Event Title

Back to Africa? Revisiting Historical and Contemporary African Return Movements

Event Type

Presentation

Location

EHFA 137

Start Date

6-3-2020 1:45 PM

End Date

6-3-2020 3:15 PM

Description

In 1878, over 200 African Americans set sail from Charleston, South Carolina heading to Africa in search of a better life. Although the 'Liberian Exodus' was a disaster (mismanaged journey with high loss of life and unfulfilled promises), it is only one of scores of 'Back to Africa' movements. Generations of the African diaspora have engaged in return migration including the founding of Liberia and Sierra Leone, Garveyism, Rastafarianism, and Ghana's contemporary 'Right of Abode' program. An analysis of these movements reveals the emerging of similar patterns, such as the inability to reconcile expectation and reality as well as diasporic returnees becoming the new elites. Similarly, an exploration of creative fiction and non-fiction works by authors such as Chimamanda Ngozi Adichie, Maya Angelou, Florence Onyebuchi Emecheta, Yaa Gyasi, and Lawrence Hill, encapsulate the dissonance that diasporic and contemporary returnees experience. Girma's talk scrutinizes the desire, history, select literary expressions, pitfalls and potentials of back-to-Africa movements.

Comments

Theme: Diasporic Movement; Moderator: Shari Orisich, Coastal Carolina University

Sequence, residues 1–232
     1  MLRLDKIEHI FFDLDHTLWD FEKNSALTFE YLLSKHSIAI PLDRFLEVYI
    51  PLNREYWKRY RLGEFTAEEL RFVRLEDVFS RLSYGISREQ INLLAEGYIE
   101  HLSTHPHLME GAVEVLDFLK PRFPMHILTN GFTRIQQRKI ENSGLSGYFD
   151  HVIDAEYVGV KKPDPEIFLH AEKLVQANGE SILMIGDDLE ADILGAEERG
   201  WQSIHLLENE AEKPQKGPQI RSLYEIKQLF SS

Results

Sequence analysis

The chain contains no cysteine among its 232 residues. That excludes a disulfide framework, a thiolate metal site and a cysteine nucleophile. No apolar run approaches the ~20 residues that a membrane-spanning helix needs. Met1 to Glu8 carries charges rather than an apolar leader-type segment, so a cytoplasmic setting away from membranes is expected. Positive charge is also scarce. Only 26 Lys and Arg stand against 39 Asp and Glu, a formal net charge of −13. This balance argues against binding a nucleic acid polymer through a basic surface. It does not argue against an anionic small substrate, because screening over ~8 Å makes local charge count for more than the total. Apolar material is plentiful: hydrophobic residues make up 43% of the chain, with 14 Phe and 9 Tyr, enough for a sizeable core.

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Mar 6th, 1:45 PM Mar 6th, 3:15 PM

Back to Africa? Revisiting Historical and Contemporary African Return Movements

EHFA 137

In 1878, over 200 African Americans set sail from Charleston, South Carolina heading to Africa in search of a better life. Although the 'Liberian Exodus' was a disaster (mismanaged journey with high loss of life and unfulfilled promises), it is only one of scores of 'Back to Africa' movements. Generations of the African diaspora have engaged in return migration including the founding of Liberia and Sierra Leone, Garveyism, Rastafarianism, and Ghana's contemporary 'Right of Abode' program. An analysis of these movements reveals the emerging of similar patterns, such as the inability to reconcile expectation and reality as well as diasporic returnees becoming the new elites. Similarly, an exploration of creative fiction and non-fiction works by authors such as Chimamanda Ngozi Adichie, Maya Angelou, Florence Onyebuchi Emecheta, Yaa Gyasi, and Lawrence Hill, encapsulate the dissonance that diasporic and contemporary returnees experience. Girma's talk scrutinizes the desire, history, select literary expressions, pitfalls and potentials of back-to-Africa movements.